Always there were more questions than answers. What do I have, I’d ask the doctor. Well, I’m not sure he’d replied. It doesn’t have a name he’d added. If this was happening ten years from now, he mused, the tests would be better, we’d know so much more. Okay was the only response I could think of.
Eighteen months ago, in the middle of the night, a big mystery began in my left thigh. I woke from a deep sleep in pain, my left leg spasming. By morning, I could barely put weight on that leg.
Fast forward to today. I’m on the other side of that mystery that took eight months to diagnose. I’m past the hours long treatments in an infusion center where the cocktail dripping into my veins was far less potent than what patients all around me were receiving. The constant burning is gone. I’m still numb, but I’m used to that now. My leg is still a little unreliable, but I’m used to that too.
All along I said to my doctors that there were things I’d willingly give up… downhill skiing, high heels, certain exercises in the strength training classes I love to attend. But… not tennis. Getting back onto the court has been a goal from the moment my leg became a problem.
I’m not an athlete. But I can play tennis well enough to have an enjoyable game with friends, to get a good workout, and to work up a good sweat. For me there has always been something deeply satisfying about getting out and whacking the ball at the end of a long work day. And yesterday, eighteen months later that is just what I did. Was I scared? Yup. I wondered if I would be able to move with any confidence. (I also wondered if I’d even remember how to hit the ball!)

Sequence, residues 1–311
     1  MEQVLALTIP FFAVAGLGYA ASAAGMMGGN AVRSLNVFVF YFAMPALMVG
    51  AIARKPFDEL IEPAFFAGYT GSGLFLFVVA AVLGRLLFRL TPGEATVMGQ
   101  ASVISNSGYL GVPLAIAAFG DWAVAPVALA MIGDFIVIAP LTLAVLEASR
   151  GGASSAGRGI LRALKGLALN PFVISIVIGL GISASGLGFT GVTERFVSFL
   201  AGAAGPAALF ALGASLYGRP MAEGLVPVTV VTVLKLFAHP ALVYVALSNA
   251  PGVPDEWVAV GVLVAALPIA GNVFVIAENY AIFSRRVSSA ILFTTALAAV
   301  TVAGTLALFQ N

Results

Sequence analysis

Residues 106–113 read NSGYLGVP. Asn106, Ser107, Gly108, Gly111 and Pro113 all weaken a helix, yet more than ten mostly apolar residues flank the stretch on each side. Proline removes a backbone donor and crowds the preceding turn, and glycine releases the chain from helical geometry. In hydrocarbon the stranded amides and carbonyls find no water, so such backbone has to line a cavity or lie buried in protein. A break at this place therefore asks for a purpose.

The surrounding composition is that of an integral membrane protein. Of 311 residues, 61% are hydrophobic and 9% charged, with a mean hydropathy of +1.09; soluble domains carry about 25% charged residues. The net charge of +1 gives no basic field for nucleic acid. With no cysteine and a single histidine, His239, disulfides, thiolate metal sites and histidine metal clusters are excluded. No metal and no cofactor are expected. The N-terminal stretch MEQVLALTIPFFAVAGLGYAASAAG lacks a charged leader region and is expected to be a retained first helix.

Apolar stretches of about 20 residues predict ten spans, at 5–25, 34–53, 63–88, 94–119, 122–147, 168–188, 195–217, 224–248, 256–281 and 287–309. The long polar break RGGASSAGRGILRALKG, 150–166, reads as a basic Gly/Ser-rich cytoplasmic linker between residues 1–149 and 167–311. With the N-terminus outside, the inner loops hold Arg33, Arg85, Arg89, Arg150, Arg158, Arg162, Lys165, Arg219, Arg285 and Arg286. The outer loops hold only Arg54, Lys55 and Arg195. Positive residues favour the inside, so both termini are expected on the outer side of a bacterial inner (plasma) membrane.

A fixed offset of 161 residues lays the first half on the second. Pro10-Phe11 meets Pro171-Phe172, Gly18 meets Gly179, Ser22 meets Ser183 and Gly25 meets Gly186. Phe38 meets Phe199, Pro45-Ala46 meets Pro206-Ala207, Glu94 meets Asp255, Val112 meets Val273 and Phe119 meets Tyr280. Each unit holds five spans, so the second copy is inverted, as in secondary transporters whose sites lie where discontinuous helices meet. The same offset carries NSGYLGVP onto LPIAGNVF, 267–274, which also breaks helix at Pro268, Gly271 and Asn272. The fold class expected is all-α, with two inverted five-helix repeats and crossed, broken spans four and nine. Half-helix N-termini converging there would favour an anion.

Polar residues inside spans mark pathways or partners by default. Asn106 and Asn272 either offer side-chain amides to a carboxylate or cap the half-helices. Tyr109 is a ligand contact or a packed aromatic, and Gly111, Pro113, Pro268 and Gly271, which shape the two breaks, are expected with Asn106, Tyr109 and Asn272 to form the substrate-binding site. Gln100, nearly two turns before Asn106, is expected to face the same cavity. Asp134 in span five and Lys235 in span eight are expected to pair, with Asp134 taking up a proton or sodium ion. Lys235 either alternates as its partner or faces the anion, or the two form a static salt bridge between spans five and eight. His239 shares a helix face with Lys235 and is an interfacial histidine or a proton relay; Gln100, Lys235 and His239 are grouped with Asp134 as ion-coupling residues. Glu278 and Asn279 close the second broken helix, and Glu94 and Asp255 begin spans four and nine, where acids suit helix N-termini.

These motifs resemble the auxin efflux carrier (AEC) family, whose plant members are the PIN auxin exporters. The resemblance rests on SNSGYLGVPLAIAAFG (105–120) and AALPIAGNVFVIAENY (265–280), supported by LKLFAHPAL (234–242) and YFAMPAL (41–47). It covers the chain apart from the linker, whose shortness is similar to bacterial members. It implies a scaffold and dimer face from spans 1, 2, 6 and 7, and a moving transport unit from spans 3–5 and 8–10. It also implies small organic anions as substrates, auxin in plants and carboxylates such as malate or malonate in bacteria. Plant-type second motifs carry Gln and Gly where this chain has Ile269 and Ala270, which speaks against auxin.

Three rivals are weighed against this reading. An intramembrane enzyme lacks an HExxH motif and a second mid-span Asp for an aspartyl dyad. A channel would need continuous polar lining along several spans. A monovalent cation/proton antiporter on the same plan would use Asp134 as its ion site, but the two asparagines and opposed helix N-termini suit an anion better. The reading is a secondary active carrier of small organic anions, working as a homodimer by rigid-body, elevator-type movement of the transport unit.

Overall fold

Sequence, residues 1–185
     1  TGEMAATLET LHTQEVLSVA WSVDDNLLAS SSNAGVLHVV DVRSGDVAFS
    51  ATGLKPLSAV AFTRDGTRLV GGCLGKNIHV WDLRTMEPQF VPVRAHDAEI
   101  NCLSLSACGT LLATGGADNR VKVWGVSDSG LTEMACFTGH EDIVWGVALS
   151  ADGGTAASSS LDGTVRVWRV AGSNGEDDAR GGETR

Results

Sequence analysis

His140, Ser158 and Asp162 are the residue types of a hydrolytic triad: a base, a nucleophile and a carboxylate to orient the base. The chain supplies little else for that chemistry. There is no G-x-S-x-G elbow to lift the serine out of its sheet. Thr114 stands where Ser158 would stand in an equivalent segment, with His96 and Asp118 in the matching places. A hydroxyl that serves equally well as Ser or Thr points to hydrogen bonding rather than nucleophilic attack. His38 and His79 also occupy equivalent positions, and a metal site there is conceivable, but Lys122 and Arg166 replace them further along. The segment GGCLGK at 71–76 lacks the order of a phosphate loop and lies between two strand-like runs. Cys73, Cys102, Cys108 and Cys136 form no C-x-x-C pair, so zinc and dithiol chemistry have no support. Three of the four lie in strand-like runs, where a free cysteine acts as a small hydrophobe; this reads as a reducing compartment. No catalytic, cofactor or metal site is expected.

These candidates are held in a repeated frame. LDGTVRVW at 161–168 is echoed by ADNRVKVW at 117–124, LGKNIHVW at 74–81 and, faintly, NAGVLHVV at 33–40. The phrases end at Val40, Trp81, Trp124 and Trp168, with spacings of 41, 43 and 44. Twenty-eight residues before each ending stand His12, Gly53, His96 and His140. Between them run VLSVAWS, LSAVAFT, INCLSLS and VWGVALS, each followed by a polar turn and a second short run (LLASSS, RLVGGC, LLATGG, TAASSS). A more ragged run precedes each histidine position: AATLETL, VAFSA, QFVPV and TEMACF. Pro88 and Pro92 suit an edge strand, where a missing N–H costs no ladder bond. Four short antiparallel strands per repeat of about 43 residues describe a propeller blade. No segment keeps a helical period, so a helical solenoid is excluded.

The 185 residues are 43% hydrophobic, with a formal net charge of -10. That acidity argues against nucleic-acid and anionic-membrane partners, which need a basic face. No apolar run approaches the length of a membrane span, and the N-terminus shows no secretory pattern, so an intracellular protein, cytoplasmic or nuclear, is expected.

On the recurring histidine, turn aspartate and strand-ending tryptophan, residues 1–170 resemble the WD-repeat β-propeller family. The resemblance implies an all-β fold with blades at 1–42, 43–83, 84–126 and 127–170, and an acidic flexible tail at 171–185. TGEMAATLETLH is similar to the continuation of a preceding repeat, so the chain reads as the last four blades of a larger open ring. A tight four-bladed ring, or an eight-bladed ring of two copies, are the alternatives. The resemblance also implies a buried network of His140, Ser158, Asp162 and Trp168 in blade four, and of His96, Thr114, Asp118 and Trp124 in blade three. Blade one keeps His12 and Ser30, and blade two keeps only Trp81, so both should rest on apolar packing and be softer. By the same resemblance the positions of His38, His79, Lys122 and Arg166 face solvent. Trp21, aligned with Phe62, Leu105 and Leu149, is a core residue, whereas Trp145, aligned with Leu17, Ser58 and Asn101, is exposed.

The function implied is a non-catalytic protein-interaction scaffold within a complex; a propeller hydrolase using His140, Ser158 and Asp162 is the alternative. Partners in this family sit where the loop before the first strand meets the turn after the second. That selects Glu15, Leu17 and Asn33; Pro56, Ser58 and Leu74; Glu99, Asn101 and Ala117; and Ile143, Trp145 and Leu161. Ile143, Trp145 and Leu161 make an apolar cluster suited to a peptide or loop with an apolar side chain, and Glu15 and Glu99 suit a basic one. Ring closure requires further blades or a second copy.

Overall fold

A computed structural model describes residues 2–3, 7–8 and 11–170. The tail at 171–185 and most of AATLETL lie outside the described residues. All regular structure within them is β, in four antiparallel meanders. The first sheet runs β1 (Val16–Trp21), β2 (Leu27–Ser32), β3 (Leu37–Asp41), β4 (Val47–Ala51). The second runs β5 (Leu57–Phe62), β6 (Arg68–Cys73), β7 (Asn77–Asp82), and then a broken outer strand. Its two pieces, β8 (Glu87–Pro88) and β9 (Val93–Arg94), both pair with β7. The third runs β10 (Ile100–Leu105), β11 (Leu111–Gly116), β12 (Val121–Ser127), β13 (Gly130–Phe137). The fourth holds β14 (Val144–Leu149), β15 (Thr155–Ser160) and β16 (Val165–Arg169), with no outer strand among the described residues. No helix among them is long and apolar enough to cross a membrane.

It was a perfect afternoon. The sun was shining. The air was warm but not hot. The tennis pro who’s known me for years was not just patient, he was encouraging and even happily surprised at times by what I could do. I spent an hour on the court hitting balls over the net and sometimes into the net. I moved side to side on the base line practicing forehands and backhands. There was lots I didn’t attempt on this first time back on the court, but I was sweaty and tired and totally exhilarated at the end of that hour. My leg and I did it and this morning I’m still smiling.